The Everyday Lives of Policies and People
Edited by Norman Long, Jingzhong Ye and Yihuan Wang
Chapter 4: Value, Gender and Capital: Frameworks of Calculation in Micro-Financial Practices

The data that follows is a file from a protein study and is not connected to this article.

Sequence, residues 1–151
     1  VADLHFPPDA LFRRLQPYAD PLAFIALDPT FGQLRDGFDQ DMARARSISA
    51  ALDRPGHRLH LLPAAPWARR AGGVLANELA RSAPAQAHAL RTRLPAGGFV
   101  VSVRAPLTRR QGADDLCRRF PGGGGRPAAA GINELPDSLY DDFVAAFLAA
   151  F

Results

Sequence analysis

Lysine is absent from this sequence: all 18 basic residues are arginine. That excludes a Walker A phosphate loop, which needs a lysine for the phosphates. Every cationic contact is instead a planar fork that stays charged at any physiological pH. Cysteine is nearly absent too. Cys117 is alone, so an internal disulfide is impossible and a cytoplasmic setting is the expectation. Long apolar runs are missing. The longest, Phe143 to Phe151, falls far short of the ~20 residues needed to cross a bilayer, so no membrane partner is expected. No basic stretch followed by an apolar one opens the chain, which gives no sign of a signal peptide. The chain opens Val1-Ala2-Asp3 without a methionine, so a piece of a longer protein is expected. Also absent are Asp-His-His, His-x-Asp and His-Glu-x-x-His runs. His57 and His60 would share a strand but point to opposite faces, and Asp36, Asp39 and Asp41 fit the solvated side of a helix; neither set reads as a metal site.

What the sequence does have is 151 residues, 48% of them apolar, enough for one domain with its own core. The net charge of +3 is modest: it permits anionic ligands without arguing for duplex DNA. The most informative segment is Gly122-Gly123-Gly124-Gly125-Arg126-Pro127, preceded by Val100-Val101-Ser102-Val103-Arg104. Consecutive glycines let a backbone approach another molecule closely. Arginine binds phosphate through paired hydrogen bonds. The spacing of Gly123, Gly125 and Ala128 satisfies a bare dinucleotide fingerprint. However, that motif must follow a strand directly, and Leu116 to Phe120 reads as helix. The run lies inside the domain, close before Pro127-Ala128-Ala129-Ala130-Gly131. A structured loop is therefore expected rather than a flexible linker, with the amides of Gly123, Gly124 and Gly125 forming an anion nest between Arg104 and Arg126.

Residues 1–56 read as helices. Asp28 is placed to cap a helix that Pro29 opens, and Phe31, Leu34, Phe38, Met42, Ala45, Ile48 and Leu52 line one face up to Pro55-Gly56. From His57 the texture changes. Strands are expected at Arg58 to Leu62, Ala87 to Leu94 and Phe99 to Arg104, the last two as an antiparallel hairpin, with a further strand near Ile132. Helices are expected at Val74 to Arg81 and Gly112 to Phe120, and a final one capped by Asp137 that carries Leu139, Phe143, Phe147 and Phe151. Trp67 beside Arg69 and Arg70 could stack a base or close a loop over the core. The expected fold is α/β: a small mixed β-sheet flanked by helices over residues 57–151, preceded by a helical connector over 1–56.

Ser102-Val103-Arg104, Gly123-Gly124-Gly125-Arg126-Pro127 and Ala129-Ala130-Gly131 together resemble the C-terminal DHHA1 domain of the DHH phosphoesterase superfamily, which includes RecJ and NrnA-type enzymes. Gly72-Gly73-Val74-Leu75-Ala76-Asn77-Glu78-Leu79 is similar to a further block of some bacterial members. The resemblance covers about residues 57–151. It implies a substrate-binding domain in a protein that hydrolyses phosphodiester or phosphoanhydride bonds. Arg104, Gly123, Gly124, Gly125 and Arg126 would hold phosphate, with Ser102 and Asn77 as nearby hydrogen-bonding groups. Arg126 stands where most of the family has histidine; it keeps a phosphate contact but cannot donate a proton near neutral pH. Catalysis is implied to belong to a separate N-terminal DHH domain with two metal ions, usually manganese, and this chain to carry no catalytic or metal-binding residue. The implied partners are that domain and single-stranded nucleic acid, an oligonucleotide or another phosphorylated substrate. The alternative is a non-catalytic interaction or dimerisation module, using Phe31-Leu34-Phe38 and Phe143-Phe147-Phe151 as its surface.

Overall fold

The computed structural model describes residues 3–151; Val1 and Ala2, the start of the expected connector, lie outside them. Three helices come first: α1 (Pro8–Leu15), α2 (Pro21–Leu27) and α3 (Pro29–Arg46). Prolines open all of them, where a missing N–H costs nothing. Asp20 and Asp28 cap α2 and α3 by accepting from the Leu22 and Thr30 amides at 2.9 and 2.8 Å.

Magdalena Villarreal Microfinance has now acquired centre stage in world spotlights, not only as a mechanism of poverty reduction, but also an instrument of peace, as has been underlined in ceremonies surrounding the 2006 Nobel Peace Prize to Mohammad Yunus and the Grameen Bank. As development instruments, micro-financial schemes are expected to help people escape poverty by providing them collateral-free loans and other financial services. In most cases, beneficiaries are encouraged to use loans for the establishment of small enterprises. Women are preferred clients for micro-financial programmes, central as they are to the social and economic dynamics of households. The underlying assumption is that, with the provision of ‘seed’ capital, the poor –and women in particular – can be introduced into the market. Well nurtured, the enterprise will expand, capital will grow, and the poor will be able to pull themselves out of poverty. Capital is expected to multiply itself and produce profit. However, despite the fact that micro-financial schemes have readily been taken up by many women, both urban and rural inhabitants – particularly those with little or no access to formal banking institutions – these have not been as successful in alleviating poverty as is often hoped. Many small enterprises established under these programmes do not survive more than a couple of years and most fail to expand. The ‘seed’ resources that are injected are often diverted, disappear into everyday consumption, or are turned into what Hernando de Soto (2000) labels ‘dead capital’, which he claims is unable to do ‘economic...
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